Inflation fears quelled by factory gate data

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The Independent Online

Fears of a longer-lasting spike in inflation eased today after it emerged that growth in factory gate prices slowed by more than expected last month.

Output prices rose 4.7% in the year to August, compared with 5% in July and the lowest level posted by the Office for National Statistics since February.

The decline will be welcomed at the Bank of England where policymakers have seen consumer prices inflation remain above their 2% medium-term target.

The cost of materials and fuels purchased by the manufacturing industry also fell in August, with the annual increase of 8.1% down from 10.8% in July after a fall of 0.5% between the two months. This defied City expectations for a rise of 0.2% and mainly reflected a fall in the price of crude oil.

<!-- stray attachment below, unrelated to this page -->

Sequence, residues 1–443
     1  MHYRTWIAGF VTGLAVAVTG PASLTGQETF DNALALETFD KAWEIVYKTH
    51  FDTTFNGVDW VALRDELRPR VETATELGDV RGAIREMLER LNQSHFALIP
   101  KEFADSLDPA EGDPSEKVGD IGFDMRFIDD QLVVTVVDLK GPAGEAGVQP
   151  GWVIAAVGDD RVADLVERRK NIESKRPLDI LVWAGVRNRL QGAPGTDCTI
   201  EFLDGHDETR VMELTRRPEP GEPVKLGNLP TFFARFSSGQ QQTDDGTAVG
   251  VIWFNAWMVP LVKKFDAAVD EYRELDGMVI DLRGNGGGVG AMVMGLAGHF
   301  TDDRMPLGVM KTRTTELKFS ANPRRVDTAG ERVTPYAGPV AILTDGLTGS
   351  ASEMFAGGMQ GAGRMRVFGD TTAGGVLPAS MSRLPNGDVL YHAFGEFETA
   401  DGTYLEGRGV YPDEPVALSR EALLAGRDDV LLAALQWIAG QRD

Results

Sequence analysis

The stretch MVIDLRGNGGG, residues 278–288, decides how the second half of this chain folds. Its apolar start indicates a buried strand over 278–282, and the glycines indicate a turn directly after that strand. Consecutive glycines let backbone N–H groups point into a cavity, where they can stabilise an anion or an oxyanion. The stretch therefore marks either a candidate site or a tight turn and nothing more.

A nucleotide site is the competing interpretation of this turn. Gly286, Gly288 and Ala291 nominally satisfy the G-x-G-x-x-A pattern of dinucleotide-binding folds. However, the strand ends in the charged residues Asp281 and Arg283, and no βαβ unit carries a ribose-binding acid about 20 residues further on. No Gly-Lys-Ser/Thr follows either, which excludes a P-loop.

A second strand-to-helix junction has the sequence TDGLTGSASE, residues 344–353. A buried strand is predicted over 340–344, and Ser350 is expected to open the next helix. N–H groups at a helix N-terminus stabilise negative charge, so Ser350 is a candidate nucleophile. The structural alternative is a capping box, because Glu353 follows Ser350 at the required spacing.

Jonathan Loynes, chief European economist at Capital Economics, said today's figures offered further tentative evidence that cost pressures at the start of the inflation pipeline were beginning to ease.

He noted today's rates were still high and that there were long lags between changes in producer prices and movements on the high street.

Mr Loynes added: "The fact that pipeline cost pressures now seem to be easing somewhat should provide the Bank with further reassurance that inflation will be back below its target at its two to three-year policy horizon."

Today's release also highlighted the near-term threat from stronger food prices.

Economists at Barclays Capital said home-produced food prices rose by 1.4% month-on-month in August, largely due to a 19.5% rise in the price of wheat following fires in Russia.

The annual rate of food input price inflation rose to 8.4% in August, the highest since October 2008, they added.

Barclays expects the impact of rising food prices to be shown in inflation figures for August, due to be published by the ONS on Tuesday.

"Evidence of stronger food prices has led us to raise our forecasts for inflation, and is the main reason we expect the headline rate of CPI to rise to 3.2% in next week's release, from 3.1% in July," analysts at Barclays added.